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University Peace Days II: Innovation in War – New Threats and Opportunities
17-09-2015 at 20:00 - 22:00
he University Peace Days is an initiative generously funded by the Faculty of Law of the University of Groningen since more than 30 years as an initiative to make knowledge and research in the area of peace and conflict accessible to a wider audience.
Furthermore, this initiative is supported by Globalisation Studies Groningen.
The main goal of the University Peace Days is to discuss contemporary topics and pressing issues in the field of Peace and War with the a wider public, the citizens of Groningen and beyond. The topic of this year is the ‘Innovative Ideas about Peace and War’. To make these evenings even more interesting the topic will be defied into the topic Peace on the first Thursday and the topic War on the second. On those evenings selected speakers will be present on the state of the art of conflict and peace studies and their practical implications. These TED-like talks are followed by a plenary session in which the audience gets the opportunity to pose their own critical questions for the speakers.
Prof. dr. Jan Rood will moderate the second evening about war. Prof. Rood is an expert on global and strategic issues, external policies of the EU and Dutch foreign policy. He is chief-editor of the Clingendael-monthly the International Spectator (Internationale Spectator), chairman of the Netherlands Society for International Affairs (NGIZ) and chairman of the board of the Turkey Institute. Below we will introduce all the other speakers of the night.
Sabine Mengelberg – ‘Hybrid Warfare Needs Hybrid Security Organizations’
Drs. S.N. Mengelberg works as university lecturer in International Security Studies for the Dutch Defense Academy in Breda. Before, she has studied Political Science at the University of Amsterdam. Her lecturing and research specifies in European Security Organisations and its member states. She is going to do her P.H.D. on the institutional changes of the European Security Organizations after the end of the Cold War. Furthermore, she is a member of the Academic Board of the European Security and Defence College of the European Union.
Stephan De Spiegeleire – topic to be announced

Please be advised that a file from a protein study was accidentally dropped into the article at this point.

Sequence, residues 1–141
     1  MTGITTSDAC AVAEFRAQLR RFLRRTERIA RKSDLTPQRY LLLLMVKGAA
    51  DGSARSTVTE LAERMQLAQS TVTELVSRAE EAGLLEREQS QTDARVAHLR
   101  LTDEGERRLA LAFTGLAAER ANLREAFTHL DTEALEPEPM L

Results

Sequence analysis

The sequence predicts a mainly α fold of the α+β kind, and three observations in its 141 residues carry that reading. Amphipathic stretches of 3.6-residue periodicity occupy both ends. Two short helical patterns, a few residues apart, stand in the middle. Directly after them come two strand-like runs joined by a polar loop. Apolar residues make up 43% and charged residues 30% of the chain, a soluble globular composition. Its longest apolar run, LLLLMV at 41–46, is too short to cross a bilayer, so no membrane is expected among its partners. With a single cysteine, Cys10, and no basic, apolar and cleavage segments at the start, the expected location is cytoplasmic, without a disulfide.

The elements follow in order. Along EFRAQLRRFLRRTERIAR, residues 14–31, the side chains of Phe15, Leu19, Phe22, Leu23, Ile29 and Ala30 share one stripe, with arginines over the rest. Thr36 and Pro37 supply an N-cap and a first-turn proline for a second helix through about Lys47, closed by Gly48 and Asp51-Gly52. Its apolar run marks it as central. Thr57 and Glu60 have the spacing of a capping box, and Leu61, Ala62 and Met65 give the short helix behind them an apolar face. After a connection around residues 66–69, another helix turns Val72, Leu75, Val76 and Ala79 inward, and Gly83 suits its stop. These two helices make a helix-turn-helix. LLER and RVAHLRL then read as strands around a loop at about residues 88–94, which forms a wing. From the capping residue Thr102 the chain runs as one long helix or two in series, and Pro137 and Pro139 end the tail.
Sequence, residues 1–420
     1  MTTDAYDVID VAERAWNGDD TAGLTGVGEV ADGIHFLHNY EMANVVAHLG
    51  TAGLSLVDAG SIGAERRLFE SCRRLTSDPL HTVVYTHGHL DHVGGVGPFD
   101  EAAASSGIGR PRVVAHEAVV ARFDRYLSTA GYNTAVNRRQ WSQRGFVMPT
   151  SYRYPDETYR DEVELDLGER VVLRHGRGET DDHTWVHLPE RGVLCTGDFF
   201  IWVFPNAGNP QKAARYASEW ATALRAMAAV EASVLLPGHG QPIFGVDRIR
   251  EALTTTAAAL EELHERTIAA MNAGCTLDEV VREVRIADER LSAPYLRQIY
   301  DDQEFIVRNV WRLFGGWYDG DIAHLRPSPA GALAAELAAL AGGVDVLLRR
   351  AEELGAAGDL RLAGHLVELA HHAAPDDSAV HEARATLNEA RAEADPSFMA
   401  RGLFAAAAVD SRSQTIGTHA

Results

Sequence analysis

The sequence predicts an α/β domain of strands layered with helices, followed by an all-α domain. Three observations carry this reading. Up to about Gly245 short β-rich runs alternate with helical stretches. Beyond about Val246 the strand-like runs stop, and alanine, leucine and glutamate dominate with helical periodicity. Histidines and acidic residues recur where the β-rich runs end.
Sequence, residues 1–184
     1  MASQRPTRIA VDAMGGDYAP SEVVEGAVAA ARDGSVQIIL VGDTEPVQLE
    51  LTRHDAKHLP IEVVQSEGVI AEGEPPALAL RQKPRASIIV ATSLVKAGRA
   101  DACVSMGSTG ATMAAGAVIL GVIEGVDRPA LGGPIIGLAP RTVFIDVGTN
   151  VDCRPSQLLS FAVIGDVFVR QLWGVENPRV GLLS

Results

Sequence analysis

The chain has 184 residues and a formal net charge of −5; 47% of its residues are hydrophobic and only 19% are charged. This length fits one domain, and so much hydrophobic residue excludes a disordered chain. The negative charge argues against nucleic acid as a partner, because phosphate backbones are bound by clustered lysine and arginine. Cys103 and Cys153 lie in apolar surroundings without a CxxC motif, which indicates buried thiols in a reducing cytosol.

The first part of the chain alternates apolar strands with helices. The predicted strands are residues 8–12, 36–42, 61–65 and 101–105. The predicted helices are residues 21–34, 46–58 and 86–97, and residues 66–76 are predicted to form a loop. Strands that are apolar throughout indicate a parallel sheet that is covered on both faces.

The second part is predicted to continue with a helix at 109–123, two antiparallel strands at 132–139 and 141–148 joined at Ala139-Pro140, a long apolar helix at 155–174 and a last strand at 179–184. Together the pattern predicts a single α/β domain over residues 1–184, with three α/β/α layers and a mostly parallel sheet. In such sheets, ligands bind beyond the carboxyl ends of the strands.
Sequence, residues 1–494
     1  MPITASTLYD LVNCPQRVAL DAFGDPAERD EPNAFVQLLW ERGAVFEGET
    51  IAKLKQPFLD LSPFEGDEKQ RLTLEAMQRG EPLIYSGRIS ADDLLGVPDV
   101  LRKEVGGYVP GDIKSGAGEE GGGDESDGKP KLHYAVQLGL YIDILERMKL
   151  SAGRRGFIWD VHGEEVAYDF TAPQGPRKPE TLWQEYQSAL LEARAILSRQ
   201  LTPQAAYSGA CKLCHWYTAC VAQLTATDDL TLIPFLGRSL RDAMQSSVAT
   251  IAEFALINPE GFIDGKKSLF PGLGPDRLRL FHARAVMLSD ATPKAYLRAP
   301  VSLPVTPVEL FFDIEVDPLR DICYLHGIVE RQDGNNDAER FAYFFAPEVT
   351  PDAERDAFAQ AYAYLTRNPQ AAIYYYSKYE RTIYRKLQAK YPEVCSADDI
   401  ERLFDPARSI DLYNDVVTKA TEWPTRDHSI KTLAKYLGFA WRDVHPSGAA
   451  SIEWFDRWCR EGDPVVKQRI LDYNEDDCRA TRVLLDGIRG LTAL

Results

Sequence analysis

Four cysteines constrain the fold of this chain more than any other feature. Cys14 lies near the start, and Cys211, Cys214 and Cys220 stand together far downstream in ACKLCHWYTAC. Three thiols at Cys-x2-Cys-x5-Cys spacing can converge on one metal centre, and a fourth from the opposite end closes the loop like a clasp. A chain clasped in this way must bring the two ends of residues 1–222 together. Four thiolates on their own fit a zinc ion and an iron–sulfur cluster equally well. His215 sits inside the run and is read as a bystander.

Stephan studied Slavic Philology (KU Leuven) and International Affairs (Master’s degrees from the Graduate Institute for International Studies, Geneva; and the School for International and Public Affairs of Columbia University, New York). He passed both qualifying exams (International Relations and Comparative Politics) for the Ph.D. program in Political Science at the University of California at Los Angeles with distinction in 1991. Since then he has been indistinctively ABD but he still plans to finish his Ph.D. within the next decade (or so). Stephan’s academic career got sidetracked by a professional career which he started at the RAND Corporation in 1989 as a Sovietologist. After successfully terminating this research topic he stayed on at RAND as a defence and security analyst for 10 years, first in Santa Monica and then in Leiden, where he last served as Programme Director for Defence and Security (2000-2005). His work at RAND was interrupted by stints at the Stiftung Wissenschaft und Politik (Ebenhausen, Germany – 93-96); and the Western European Union’s Institute for Security Studies (Paris, France – 96-99). Currently, Stephan is Senior Defence Scientist at the The Hague Centre for Strategic Studies (2005-now). He also teaches at Webster University in Leiden and at military academies throughout Europe. From a start as a Soviet specialist, Stephan has branched out into a number of different directions all related to strategic orientation and navigation in international relations (writ large). He has published widely, currently most actively in the application of new ideas such as (meta-)foresight, portfolio analysis, capabilities-based planning, and strategic design for national and European security policy planning in the broadest sense, but with a special focus on defense and security planning.
Liesbeth Schoonheim – ‘Politics and Violence in a Network Age’
Liesbeth Schoonheim is a PhD-student in political theory at the Institute of Philosophy, KU Leuven. Her research focuses on the relation between depoliticization and individualism in authors such as Hannah Arendt and Claude Lefort, with a special attention for political violence. Her research is funded by Research Foundation (FWO) – Flanders.